When you are stacking firewood for storage, you should use a method that will protect the wood. As well as, maintain the investment of time and money you made in your wood. Here is the right way to go about stacking firewood.
Before you begin
You need to know is that the elements can be the enemy of your firewood or a friend. Rain and snow can damage firewood and make it unusable. If it is stored touching the ground, it will be exposed to more moisture and insects, which will speed up decay.
However, stacking firewood properly can help it get to the state where it is dry, will burn extremely well and provide hours of pleasant flames.
Stacking firewood basics
There are a few things you need to know about stacking firewood that will ensure it gets dry and ready to use.
Location of woodpile
Choosing the right location for your woodpile is crucial. You want to choose an area that is well-drained (no pooling water). As well as, ensuring that the woodpile will not be exposed to rainfall, such as under a shed or overhand. If the pile will be exposed to the elements, use the proper technique to cover it. (You can check out this article to learn how.)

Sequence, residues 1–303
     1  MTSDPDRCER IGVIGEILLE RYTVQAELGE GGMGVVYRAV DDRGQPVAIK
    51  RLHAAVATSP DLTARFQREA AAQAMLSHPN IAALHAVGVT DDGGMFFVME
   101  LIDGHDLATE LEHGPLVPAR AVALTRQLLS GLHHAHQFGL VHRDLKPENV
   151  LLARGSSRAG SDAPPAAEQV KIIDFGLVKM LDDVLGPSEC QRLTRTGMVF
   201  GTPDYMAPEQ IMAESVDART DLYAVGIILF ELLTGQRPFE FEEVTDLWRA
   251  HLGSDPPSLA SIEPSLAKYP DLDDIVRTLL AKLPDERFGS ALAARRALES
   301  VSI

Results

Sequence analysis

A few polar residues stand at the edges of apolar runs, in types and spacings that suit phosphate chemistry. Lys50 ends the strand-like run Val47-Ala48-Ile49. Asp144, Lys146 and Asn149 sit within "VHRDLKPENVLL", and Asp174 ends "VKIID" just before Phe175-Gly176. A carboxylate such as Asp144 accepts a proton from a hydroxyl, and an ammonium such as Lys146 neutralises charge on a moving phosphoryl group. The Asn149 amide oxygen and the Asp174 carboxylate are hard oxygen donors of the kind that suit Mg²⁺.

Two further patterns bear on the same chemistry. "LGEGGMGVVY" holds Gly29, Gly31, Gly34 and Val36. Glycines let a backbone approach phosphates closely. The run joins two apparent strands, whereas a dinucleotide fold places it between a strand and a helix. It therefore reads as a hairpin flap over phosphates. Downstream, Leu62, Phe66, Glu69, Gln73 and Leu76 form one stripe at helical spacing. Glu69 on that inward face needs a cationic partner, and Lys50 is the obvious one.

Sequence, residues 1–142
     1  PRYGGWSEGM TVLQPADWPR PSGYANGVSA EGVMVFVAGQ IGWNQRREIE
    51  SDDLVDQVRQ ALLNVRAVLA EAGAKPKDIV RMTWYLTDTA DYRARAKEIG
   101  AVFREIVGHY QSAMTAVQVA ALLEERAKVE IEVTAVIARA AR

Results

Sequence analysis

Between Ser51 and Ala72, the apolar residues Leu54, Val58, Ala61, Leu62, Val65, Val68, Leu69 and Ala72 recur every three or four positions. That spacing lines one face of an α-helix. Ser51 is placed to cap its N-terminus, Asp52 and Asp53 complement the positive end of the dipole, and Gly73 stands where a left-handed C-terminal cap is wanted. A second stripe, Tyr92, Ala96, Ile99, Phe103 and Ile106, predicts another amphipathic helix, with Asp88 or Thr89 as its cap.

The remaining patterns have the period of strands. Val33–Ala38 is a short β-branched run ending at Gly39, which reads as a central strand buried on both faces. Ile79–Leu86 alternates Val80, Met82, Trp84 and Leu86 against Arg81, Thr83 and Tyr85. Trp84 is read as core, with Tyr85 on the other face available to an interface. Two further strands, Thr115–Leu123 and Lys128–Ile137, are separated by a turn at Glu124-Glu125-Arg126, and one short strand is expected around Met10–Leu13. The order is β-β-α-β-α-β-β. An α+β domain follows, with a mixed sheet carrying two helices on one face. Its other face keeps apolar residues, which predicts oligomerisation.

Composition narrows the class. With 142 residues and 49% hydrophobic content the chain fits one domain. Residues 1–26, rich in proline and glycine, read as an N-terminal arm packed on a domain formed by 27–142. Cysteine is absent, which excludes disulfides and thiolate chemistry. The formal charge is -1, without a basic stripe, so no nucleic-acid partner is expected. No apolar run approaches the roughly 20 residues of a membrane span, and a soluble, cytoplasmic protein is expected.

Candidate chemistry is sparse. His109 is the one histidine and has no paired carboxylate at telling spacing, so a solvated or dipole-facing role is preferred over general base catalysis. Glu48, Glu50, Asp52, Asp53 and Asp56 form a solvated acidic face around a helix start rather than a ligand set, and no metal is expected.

There are some options about the configuration of your stack, too. For a horizontal stack, you can put it between two trees. Or, you could stack your wood on two pressure treated wood planks. Alternatively, you could use a metal firewood rack.
Regardless of the location, you can add metal or pressure treated stakes to support your firewood at the ends (or intermittently on the sides).
- Stack wood so there is airspace between each piece.
- Get the stack off the ground. Put it on a few pressure treated planks or other water resistant material.
- Don’t stack more than 4 feet high
- Stack it with the bark side down.
How to stack firewood video
Here is a video about how to stack firewood properly.